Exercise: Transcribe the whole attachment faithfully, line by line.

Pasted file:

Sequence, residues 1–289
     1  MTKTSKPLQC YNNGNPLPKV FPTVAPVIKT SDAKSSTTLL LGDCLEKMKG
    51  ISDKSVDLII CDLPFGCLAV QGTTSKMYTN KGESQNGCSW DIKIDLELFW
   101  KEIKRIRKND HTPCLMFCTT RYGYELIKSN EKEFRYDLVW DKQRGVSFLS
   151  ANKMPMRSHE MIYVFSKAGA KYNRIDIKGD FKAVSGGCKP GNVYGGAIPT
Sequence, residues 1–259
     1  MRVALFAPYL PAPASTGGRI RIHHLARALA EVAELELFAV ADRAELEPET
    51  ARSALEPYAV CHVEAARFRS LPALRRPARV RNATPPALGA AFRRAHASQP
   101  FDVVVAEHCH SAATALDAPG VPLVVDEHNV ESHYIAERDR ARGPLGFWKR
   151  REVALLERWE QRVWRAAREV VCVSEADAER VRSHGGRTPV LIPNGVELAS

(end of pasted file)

Sequence, residues 1–289
     1  MTKTSKPLQC YNNGNPLPKV FPTVAPVIKT SDAKSSTTLL LGDCLEKMKG
    51  ISDKSVDLII CDLPFGCLAV QGTTSKMYTN KGESQNGCSW DIKIDLELFW
   101  KEIKRIRKND HTPCLMFCTT RYGYELIKSN EKEFRYDLVW DKQRGVSFLS
   151  ANKMPMRSHE MIYVFSKAGA KYNRIDIKGD FKAVSGGCKP GNVYGGAIPT
Sequence, residues 1–259
     1  MRVALFAPYL PAPASTGGRI RIHHLARALA EVAELELFAV ADRAELEPET
    51  ARSALEPYAV CHVEAARFRS LPALRRPARV RNATPPALGA AFRRAHASQP
   101  FDVVVAEHCH SAATALDAPG VPLVVDEHNV ESHYIAERDR ARGPLGFWKR
   151  REVALLERWE QRVWRAAREV VCVSEADAER VRSHGGRTPV LIPNGVELAS